I opened my laptop and googled PRACTICAL BOOK OF CATS. In response the “Old Possum’s Book of Practical Cats” was the only book that appeared on the screen. I was impressed by the name; Old Possum seemed to be a kind of fellow who must have raised generations and generations of cats and must know his stuff pretty well. I downloaded the book (the fact that it was available free online coaxed my choice) and started to read. To my utter disappointment it was in verse. Of all the things written, poetry is the most useless. I mean what do they write poetry for anyway?! But then I realized all the great books ever written in the history of mankind are in verse. Even religious ones too. And my admiration for this Old Possum grew. He wrote a book about cats in verse!

And thus I read the first chapter, “The naming of Cats.” The title itself suggested practical utility. Before anything else, a cat must have a name – yes it must. Old Possum says naming a cat is a difficult matter because a cat must have three names – first a familiar everyday name, second a particular name that does not belong to more than one cat and third a name that only the cat himself/herself knows and will never confess. Now it was clear that to spend time on the third type of name would be futile, the cat would never confess it to me; as for the first two types I was in a quandary. See, I could choose a familiar name for this cat like Alonzo (as Old Possum suggests) or the name of some old forgotten aunt but the thing is this cat is not familiar to me. For all I know she could be no cat at all, she could be some alien sentinel sent over to study a human specimen before their invasion (a biological drone, if you may) or she could be a cutting-edge super secret robot designed and developed as a prototype of some future weapon and being tested right now. Or she might just not exist at all, maybe she is just my idea of a cat. She might even be someone else’s cat with a name already, who had just lost her way (and fidelity).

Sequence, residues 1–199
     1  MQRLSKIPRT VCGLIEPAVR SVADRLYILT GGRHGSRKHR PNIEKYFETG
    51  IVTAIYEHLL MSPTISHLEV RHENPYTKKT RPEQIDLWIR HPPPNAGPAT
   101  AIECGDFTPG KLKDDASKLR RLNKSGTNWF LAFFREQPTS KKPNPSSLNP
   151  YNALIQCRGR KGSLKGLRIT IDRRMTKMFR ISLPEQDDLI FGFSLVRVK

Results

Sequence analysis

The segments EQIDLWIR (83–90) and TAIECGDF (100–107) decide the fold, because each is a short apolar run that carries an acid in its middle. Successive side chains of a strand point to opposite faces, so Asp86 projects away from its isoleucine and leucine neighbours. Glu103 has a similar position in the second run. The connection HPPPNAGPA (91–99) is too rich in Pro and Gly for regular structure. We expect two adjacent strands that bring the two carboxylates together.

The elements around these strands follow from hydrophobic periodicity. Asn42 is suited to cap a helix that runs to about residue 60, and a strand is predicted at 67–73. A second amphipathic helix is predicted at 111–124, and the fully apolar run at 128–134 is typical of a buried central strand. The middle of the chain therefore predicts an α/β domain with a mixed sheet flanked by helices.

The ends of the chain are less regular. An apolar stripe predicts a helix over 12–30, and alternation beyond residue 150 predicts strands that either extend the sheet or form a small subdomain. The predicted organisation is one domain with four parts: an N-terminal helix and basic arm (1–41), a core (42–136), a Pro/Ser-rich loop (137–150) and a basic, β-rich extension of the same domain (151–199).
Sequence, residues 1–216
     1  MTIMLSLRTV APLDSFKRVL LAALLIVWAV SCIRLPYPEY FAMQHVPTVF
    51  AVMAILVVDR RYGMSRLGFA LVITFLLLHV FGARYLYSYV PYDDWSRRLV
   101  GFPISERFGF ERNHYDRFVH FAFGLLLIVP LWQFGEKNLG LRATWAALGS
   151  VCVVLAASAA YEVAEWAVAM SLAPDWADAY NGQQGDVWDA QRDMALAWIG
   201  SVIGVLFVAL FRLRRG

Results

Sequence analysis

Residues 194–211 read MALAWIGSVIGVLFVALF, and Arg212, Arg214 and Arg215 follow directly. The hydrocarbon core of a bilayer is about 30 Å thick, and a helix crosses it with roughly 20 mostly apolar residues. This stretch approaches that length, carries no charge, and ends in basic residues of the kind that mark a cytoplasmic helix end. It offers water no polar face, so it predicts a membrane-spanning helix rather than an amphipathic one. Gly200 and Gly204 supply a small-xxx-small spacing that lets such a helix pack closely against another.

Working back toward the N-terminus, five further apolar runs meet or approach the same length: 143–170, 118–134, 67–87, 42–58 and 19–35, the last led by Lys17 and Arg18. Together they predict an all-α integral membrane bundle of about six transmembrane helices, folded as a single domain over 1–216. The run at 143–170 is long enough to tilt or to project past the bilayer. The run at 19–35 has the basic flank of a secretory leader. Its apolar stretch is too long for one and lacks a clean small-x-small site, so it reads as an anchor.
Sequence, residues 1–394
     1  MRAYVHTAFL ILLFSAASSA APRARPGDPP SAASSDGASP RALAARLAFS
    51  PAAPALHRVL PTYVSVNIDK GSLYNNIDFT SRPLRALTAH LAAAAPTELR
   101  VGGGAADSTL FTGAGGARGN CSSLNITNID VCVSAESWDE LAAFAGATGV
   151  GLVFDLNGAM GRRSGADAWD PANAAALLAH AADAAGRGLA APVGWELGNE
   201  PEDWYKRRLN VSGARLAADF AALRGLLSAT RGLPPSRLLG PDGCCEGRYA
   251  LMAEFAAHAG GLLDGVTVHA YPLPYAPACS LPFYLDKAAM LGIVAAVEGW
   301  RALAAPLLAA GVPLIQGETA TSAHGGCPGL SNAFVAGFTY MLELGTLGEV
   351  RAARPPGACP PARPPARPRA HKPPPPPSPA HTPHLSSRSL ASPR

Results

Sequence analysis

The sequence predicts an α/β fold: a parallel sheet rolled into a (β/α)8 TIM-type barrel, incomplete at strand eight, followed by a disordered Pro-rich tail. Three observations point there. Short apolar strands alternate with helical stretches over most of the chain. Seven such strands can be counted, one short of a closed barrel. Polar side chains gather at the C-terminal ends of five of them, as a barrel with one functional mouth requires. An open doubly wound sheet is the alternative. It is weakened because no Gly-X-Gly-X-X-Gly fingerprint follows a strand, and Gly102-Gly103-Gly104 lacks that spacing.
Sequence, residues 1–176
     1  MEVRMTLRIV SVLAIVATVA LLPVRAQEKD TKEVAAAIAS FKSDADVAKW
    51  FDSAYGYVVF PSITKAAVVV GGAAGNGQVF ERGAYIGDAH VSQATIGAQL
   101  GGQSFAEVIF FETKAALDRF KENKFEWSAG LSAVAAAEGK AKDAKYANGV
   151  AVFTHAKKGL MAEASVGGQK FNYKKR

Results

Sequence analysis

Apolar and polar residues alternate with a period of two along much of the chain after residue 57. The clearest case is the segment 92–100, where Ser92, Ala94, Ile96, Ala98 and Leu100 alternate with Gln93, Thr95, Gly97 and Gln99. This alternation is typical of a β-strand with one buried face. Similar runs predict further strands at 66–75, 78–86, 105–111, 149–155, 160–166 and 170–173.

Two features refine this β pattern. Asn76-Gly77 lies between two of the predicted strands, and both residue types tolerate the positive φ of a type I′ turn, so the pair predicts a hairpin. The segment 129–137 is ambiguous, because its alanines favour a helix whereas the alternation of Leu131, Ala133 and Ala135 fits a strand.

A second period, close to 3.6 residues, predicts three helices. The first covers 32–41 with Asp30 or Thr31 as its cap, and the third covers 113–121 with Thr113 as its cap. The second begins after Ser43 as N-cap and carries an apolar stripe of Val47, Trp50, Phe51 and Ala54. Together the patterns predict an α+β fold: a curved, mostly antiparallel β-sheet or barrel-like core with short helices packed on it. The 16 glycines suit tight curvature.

Now if I name her that would mean I am appropriating some element of familiar traits or characters to her (like the sloth of my long forgotten aunt) that in effect means she would no longer be the cat she is. As for the second ‘particular name’ it was once again the same problem. I could name her Bombalurina (as Old Possum suggests) or after my childhood crush but then again it won’t do. I don’t love her (remember I am trying to get her out of my house). There is nothing that binds us in a knot of trust and intimacy. If I give her the first ‘familiar name’ and the second ‘particular name’ it would just mean to remove her twice from her reality. Now that won’t do. That definitely won’t do because this cat is my problem not a Bombalurina or an Alonzo.

So I persist with calling her ‘Cat’.

As for the rest of the book, frankly I just read a couple of chapters more. Old Possum was definitely losing his marbles after that brilliant first chapter. It didn’t make any sense: his Jennanydots and Macavities and Old Gumbie cats. And it surely was not of any use to me. Poetry…puff…didn’t I say how useless it is.